Figure 1:: Heart rate in the UT, ET, and RT groups at baseline and during 4 h of HDT. Values are expressed in beats/min as mean±SD. UT: Untrained; ET: Endurance trained; RT: Resistance trained.
Figure 2:: Systolic blood pressure in the UT, ET, and RT groups at baseline and during 4 h of HDT. Values are expressed in mmHg as mean±SD. UT: Untrained; ET: Endurance trained; RT: Resistance trained. #P<0.05 from the 1st h.
Figure 3:: Diastolic blood pressure in the UT, ET, and RT groups at baseline and during 4 h of HDT. Values are expressed in mmHg as mean±SD. UT: Untrained; ET: Endurance trained; RT: Resistance trained. *P<0.05 from baseline.

Figures 4 and 5 show the changes in the pulse pressure (PP) and MAP following HDT in the three physical fitness groups.

Figure 4:: Pulse pressure (PP) in the UT, ET, and RT groups at baseline and during 4 h of HDT. Values are expressed in mmHg as mean±SD. UT: Untrained; ET: Endurance trained; RT: Resistance trained.
Figure 5:: Mean arterial pressure in the UT, ET, and RT groups at baseline and during 4 h of HDT. Values are expressed in mmHg as mean±SD. UT: Untrained; ET: Endurance trained; RT: Resistance trained. */#P<0.05, respectively, from baseline/1st h.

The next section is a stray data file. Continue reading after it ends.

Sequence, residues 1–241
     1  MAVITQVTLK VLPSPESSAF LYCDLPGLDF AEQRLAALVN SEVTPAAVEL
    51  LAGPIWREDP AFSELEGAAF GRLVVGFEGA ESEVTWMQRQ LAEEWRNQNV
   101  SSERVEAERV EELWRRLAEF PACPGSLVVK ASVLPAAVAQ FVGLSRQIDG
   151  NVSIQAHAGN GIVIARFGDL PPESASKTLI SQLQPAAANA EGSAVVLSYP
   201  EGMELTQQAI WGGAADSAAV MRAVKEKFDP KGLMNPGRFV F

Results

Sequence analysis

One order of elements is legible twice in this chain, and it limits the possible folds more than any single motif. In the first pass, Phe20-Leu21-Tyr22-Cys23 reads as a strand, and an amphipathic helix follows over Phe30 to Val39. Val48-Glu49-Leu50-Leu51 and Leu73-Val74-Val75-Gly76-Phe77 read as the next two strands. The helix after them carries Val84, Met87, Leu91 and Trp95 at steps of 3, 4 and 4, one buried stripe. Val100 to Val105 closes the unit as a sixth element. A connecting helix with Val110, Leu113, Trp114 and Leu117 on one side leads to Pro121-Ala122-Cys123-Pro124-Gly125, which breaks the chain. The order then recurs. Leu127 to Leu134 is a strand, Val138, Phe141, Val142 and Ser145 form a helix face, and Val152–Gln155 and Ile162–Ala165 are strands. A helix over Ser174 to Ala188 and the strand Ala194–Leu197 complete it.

The SV and CO response to HDT in the three different fitness groups are presented in Figures 6 and 7.

Figure 6:: Stroke volume in the UT, ET, and RT groups at baseline and during 4 h of HDT. Values are expressed in ml/beat as mean±SD. UT: Untrained; ET: Endurance trained; RT: Resistance trained.
Figure 7:: Cardiac output in the UT, ET, and RT groups at baseline and during 4 h of HDT. Values are expressed in L/min as mean±SD. UT: Untrained; ET: Endurance trained; RT: Resistance trained.

DISCUSSION

Physical exercise training status is an integral part of astronaut selection procedures since beginning of human space missions. Level of physical fitness, by different training modalities, causes different types of physical changes in the body. For example, endurance training may result in plasma volume expansion and remodeling of heart musculature[14-17] with potential effect on physiological conditioning on exposure to microgravity conditions. This aspect is more relevant in short duration space missions wherein, time is a crucial factor, and hence, suboptimal operational capability of astronauts may compromise the objective of the mission.

Endurance or aerobic training promotes development of slow (oxidative) fibers or Type I muscle fibers. In marathon runners, these developments happen in the soleus muscle of the calf.[17] Resistance or anaerobic training promotes development of fast (glycolytic) fibers or Type II muscle fibers. Whereas, in sprinters and weight lifters, these developments happen in gastrocnemius muscle of calf and in biceps.[18]